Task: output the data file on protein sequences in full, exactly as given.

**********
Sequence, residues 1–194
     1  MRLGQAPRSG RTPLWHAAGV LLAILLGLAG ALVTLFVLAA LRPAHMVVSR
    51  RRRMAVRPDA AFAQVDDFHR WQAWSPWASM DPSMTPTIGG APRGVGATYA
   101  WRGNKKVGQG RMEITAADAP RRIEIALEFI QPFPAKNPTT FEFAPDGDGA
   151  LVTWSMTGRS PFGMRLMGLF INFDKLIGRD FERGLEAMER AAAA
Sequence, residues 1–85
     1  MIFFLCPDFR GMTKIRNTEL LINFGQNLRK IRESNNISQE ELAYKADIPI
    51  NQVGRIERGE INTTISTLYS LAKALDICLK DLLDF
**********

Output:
Sequence, residues 1–194
     1  MRLGQAPRSG RTPLWHAAGV LLAILLGLAG ALVTLFVLAA LRPAHMVVSR
    51  RRRMAVRPDA AFAQVDDFHR WQAWSPWASM DPSMTPTIGG APRGVGATYA
   101  WRGNKKVGQG RMEITAADAP RRIEIALEFI QPFPAKNPTT FEFAPDGDGA
   151  LVTWSMTGRS PFGMRLMGLF INFDKLIGRD FERGLEAMER AAAA
Sequence, residues 1–85
     1  MIFFLCPDFR GMTKIRNTEL LINFGQNLRK IRESNNISQE ELAYKADIPI
    51  NQVGRIERGE INTTISTLYS LAKALDICLK DLLDF